I have seen the earth giving up secrets – through changes in colour or quality of the earth or a post hole or other feature emerging for example - of where ancient activity has taken place; where our ancestors lived, worked and generally went about their business. I have seen the landscape through their eyes.
I’m interested in using this perspective as a starting point for choreographic work because I find the experience tells me something about:
- humility – it reminds us that we are part of something so much bigger
- determination, ingenuity, survival
- but also about something more than survival. The act of making a mark, pressing a thumb or a nail into a pot, etching a circle or a line into a piece of animal bone, or carefully selecting a group of special objects to bury with someone for example is like branding a sense of personal or community identity on something else in the world – something you think/hope might last longer than you. It's an out-cry, like someone saying “I’m here. I matter.” If it turns out that humans are all essentially the same (even though, as archaeology shows us, customs and conventions do change over time), this act of taking care of/cherishing the quality of our experience on the planet is what becomes most important.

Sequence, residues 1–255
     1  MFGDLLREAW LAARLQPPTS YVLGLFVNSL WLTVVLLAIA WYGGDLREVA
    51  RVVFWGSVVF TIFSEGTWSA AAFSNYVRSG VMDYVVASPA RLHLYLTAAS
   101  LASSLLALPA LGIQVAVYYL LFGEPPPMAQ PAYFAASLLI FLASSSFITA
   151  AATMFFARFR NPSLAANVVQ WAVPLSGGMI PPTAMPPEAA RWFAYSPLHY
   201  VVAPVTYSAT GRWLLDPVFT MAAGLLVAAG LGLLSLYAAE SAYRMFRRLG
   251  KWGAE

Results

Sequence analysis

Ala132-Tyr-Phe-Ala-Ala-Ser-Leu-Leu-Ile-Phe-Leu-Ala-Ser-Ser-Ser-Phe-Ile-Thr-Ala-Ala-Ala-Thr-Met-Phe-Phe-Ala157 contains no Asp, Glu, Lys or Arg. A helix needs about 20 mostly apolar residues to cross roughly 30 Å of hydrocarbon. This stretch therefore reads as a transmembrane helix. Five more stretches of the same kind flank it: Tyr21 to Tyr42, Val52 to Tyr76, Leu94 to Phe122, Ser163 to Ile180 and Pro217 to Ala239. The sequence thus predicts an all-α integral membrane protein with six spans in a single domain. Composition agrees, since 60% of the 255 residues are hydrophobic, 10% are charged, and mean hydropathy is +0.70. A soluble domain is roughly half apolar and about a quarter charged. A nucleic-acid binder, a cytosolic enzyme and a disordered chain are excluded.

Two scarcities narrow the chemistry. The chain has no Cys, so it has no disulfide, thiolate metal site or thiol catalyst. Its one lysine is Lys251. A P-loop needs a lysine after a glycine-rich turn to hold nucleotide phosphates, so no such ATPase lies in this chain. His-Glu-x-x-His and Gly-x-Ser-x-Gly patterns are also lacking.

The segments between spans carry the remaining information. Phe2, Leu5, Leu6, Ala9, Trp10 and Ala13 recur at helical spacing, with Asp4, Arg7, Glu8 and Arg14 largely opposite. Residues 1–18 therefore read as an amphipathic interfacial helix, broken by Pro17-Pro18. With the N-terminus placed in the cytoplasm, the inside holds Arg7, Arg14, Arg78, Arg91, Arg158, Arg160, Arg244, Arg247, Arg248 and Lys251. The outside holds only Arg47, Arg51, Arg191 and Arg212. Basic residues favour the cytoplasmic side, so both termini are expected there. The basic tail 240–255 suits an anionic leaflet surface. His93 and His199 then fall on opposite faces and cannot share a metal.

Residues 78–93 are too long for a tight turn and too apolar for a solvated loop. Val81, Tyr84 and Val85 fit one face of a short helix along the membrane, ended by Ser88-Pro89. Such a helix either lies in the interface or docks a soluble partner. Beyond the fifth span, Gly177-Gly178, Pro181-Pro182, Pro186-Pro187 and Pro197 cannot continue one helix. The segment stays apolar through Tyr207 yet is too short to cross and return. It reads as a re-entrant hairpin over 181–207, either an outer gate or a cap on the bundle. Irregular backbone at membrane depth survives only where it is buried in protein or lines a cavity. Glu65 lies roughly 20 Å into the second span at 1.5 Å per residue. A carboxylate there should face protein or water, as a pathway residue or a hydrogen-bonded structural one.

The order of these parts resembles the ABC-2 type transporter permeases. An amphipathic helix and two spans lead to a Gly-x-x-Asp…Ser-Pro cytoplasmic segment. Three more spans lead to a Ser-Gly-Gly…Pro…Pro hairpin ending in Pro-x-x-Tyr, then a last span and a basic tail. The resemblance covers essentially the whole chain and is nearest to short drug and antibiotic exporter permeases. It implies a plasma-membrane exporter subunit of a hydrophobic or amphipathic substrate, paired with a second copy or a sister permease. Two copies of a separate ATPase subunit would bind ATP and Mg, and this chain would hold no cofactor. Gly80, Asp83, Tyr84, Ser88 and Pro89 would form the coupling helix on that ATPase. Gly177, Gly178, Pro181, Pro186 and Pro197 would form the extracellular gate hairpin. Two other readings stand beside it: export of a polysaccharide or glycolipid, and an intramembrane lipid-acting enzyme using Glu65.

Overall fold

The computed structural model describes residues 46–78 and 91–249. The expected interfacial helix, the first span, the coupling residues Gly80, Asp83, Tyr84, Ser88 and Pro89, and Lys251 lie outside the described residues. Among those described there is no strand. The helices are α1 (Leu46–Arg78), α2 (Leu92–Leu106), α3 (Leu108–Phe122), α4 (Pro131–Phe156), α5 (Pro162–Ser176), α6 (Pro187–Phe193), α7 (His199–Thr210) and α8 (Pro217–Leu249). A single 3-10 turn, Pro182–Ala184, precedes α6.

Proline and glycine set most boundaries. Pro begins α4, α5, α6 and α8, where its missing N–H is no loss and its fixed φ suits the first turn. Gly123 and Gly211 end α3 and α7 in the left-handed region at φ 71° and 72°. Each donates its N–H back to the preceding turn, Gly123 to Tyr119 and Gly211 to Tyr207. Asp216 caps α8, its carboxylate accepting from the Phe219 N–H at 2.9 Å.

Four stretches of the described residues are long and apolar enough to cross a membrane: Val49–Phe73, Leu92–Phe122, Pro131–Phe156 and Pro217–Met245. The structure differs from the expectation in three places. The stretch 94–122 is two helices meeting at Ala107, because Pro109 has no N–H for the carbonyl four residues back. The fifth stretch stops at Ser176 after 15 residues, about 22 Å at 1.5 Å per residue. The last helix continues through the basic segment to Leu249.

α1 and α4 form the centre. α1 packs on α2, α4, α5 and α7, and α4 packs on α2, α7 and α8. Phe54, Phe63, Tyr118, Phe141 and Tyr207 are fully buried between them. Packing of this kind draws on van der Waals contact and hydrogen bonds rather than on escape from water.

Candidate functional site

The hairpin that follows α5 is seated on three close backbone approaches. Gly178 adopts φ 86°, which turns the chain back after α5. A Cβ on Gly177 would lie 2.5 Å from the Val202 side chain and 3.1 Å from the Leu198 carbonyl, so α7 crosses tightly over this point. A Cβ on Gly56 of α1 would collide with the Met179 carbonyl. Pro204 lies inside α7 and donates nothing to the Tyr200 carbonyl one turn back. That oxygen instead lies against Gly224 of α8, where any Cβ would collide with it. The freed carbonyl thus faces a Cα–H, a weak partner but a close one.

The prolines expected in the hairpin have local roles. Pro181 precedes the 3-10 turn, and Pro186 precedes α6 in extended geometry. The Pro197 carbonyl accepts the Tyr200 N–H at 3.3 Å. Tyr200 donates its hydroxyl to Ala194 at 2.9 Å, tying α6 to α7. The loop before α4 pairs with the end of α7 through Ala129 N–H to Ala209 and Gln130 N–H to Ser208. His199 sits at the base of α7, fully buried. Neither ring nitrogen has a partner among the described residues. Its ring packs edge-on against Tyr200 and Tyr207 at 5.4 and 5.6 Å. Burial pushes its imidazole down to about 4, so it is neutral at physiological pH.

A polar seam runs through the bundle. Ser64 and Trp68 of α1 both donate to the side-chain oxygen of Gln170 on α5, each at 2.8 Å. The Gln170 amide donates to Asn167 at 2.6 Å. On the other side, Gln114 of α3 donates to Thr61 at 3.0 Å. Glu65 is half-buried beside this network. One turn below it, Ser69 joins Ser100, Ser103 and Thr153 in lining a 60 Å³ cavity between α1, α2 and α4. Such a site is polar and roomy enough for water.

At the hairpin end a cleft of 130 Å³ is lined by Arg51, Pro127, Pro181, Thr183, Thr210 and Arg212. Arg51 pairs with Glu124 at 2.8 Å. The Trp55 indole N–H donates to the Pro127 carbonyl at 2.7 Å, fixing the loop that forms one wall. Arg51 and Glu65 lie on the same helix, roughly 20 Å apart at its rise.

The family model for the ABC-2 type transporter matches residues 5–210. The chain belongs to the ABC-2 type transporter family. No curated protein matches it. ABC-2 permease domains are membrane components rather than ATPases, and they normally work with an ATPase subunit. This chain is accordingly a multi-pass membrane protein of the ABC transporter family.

My 'Gathering Place' project is like a way of me saying "I hear you. Across millennia, I hear you and I’m going to carry your story forward". In this way I feel an affinity with many of the archaeologists I’ve been fortunate to interview over the past months, who have described the responsibility they feel to carry forward the stories of the past so we can learn from them now and in the future.
With an initial phase of research in Dorset - in the studio, at the Durotriges Big Dig and dancing on the site of the buried Duropolis – now completed, we’re preparing to spend some time in Holmbury St Mary in the Surrey Hills, exploring ways of bringing to life/light the hidden archaeology of Holmbury Hill through a test film and performance walk.
To find out more about the research, join us at Holmbury St Mary in the Surrey Hills on the 18 July, 1.30-4pm, for a walk up to Holmbury Hill with short performances and a talk from archaeologist Judie English. Part of this year’s Festival of Archaeology, the theme for which is 'archaeology and creativity'. For more information and to book your free spot, please visit our Eventbrite page here.
Thanks so much to everyone who has been involved in the research so far -
Miles, Paul, Megan and everyone who has spoken to us and made us feel very welcome at the Durotriges Big Dig (resourced and funded by Bournemouth University); we're also very grateful to land-owner Rebecca Hill and her family for allowing us to film on-site.
To Ali Clarke from Surrey Hills Arts, Anne Sassin from Surrey Archaeological Society, archaeologist Judie English, Nikki Cowlard and everyone at the Abinger Excavation 2023 and Mark Beaumont, Hurtwood Ranger for allowing us to work at Holmbury
Dancers Alice Shepperson, Deepraj Singh, Megan Griffiths and Emily Yong. We will also be working with Ella Fleetwood and Lucy Starkey at Holmbury.
Director Daniel Martin
Writer Anna Selby
Composer Max Perryment
Dramaturg Tom Six
Archaeological illustrator Ash Thornton
Creative technologist Chris Hunt